Sunday, September 18, 2016


Amos Lee - Lincoln Theater, Raleigh, NC, 2011
I took this!

"Woke up this morning 
and the sky was colored gray.

I gotta' do a little bit better 
than I did with myself yesterday.

Gotta keep myself from falling so far behind.
Oh, keep getting myself right on down the line."

If I remember correctly, I first encountered the music of Amos Lee when I was completing my National Board Teaching Certification renewal back when I lived in Wilson, North Carolina. I was tirelessly pounding out those reflections on the work I had accomplished that year and needed some music to pace the rhythm of keys on my laptop.

I am sure everyone has some artist who can energize you when you start falling behind in life or when you simply have lost that energy to keep pushing through an arduous task. This same artist who inspires can also be that breeze when a journey is accomplished, that gentle rain to wash away the dirt, that glass of wine to quench your thirst, that mirror to reflect who you are, where you have been, and where you are going.

Years ago Amos Lee performed at the Lincoln Theater, this old tobacco warehouse in Raleigh, North Carolina, that had been converted into a bar/concert hall which held not more than 500 people. I went to see Amos Lee at this theater on a rainy Saturday night with Toni Varrachi, a friend of mine from back in the day in Wilson. I recall arriving REALLY early at the Lincoln just to make sure we knew where the show was. When we saw a tour bus behind that dilapidated old building, Toni and I parked out back as well, hoping to catch a glimpse of Amos.

Toni and I bantered back and forth when we witnessed some guy with a beard exit the bus and enter the back of the warehouse through a propped open door. I told her we should run up to see if it was really him. My gut screamed it was him, but oddly I was still unsure. I have never seen Amos sporting a beard so I tried to assure myself that this figure could not possibly be him. I should have just hopped out of Toni's truck and coolly sauntered up to the door to find out. I hesitated. If I had a beer or two in me, I do not think I would have internally debated this decision. I shrugged my shoulders, reassuring myself it could not have been him, then Toni and I went to a local eatery until the concert.

We were early for the concert in order to secure a nice spot in the pit near the front of the stage. This spot was close enough for us to see that Amos Lee did have a beard. Damn. 

"Lord, have mercy.
Lord, have mercy on me.
Lord, have mercy, please, 
Cause we're running out of time."

The song "Running out of Time" on Amos Lee's latest CD Spirit speaks to that hesitancy we all have and its ramifications on how we see our world when we wake up in the every morning. In his opening verse Lee captures the emotions of a morning in which "the sky was colored gray," a self-critical product of his regrets for "falling so far behind" in the past. He needs to use this day as a new beginning, to add color to that gray sky by taking action in his life, thereby living his dreams and overcoming the hesitancy that affects us all at one time or another. Lee understands the finite nature of time itself. He asks "mercy" of the Lord because he realizes that he may not have strength to continue pushing forward.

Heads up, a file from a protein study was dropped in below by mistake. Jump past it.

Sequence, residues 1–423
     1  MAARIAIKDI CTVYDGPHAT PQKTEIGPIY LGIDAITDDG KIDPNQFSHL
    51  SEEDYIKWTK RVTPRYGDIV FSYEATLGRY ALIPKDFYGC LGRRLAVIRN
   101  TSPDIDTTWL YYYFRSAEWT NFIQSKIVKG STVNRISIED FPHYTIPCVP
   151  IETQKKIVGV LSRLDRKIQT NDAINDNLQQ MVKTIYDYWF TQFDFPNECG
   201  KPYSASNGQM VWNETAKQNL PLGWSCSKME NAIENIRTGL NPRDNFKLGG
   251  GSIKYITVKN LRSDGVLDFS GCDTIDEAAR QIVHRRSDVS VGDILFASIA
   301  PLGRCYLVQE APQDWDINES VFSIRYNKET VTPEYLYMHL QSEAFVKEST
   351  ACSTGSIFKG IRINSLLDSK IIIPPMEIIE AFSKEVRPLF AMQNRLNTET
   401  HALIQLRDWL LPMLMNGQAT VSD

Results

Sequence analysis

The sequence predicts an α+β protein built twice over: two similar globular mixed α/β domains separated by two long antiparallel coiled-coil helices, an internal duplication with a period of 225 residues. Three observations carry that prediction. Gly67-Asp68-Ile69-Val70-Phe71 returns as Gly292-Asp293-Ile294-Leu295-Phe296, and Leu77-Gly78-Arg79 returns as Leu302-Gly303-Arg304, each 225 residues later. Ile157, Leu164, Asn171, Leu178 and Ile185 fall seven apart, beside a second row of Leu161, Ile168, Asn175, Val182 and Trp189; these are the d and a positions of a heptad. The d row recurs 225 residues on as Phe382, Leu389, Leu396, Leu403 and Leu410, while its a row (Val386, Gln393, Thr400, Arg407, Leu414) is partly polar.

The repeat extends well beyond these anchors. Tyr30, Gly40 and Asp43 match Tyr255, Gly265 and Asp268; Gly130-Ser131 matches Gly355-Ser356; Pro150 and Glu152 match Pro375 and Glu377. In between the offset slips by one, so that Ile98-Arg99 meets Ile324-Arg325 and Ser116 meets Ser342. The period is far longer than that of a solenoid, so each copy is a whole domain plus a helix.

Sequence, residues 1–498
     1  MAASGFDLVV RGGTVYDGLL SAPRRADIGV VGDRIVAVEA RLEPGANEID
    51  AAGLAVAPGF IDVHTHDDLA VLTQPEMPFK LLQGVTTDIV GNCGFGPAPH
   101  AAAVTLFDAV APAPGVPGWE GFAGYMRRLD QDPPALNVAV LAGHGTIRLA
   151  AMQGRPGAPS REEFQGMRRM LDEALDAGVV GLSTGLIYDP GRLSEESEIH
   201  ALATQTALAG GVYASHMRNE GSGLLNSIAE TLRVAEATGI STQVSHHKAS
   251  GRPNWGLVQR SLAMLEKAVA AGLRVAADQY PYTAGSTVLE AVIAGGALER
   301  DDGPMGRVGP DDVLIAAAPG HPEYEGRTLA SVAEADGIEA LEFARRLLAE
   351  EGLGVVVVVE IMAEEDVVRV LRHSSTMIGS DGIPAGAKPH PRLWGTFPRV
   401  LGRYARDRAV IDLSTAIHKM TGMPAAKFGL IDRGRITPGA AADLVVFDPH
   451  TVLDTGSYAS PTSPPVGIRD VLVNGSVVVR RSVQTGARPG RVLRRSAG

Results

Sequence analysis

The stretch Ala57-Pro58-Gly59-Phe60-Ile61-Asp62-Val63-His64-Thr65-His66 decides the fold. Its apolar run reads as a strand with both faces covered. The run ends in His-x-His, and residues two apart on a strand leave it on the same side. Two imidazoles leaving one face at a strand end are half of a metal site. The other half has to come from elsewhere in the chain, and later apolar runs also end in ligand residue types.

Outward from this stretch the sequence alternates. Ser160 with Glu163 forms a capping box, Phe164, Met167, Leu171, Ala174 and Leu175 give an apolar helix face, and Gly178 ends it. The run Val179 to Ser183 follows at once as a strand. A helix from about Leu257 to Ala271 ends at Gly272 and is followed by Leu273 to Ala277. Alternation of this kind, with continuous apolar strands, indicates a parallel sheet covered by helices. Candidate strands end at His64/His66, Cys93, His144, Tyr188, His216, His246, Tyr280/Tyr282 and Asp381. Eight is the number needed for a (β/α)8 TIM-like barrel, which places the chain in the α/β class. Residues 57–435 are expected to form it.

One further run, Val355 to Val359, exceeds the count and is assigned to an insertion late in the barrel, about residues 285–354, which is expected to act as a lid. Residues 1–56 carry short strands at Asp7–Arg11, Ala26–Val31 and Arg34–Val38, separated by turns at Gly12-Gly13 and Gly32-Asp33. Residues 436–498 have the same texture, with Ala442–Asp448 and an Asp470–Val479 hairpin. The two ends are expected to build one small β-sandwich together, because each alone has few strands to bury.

"Oh, that train come 
Full speed ahead.
It's a rumbling down the track.
Well, I know that train ain't stopped before,
And I know that train don't know how to turn back,
so I gotta do a little bit better than once I did."

Lee's train metaphor reinforces what we all know about the nature of life itself with each individual person as a passenger. Life travels at "full speed" whether we are ready or not. As we grow older, we all learn that this train does not stop, and it certainly does not "turn back" for us. Thus, we arrive at the message Lee is conveying: "(we) gotta do a little better than once (we) did."

That's what life is, doing a little bit better each day we board that train. How do we do that? Regardless of our age, each of us should be more introspective, asking ourselves if we are loving our neighbors, our friends, and our families as we know we should, asking ourselves if we are stoking that inner fire of our passions so that our flame does not turn to embers then ash, asking ourselves if we are waking each morning to a gray sky that is a manifestation of our own regret because, deep down, we know we are running out of time.

Amos Lee - Running Out of Time


Amos Lee - Flower (Another GREAT song!)

Work Cited
Amos Lee. "Running out of Time." Spirit. John Varvatos Records/Republic Records, 2016.

Monday, September 5, 2016


The week leading up to Labor Day. Emotional roller-coaster. 

I am always pretty guarded with my emotions and need to step back from "life' to write a narrative that makes some sense of it all. I grasp at my strands of varying perspectives and attempt to weave them into some kind of a map, a mantra, a vision.

In all of my senior English classes, we take multiple roads toward finding our own voices in writing. It is certainly not easy for most people to find the words to match the thoughts and feelings which run through their minds as they place them on paper. I ask my students as they write in their journals, papers, or blog postings to keep writing and revising until they find themselves evident in the words.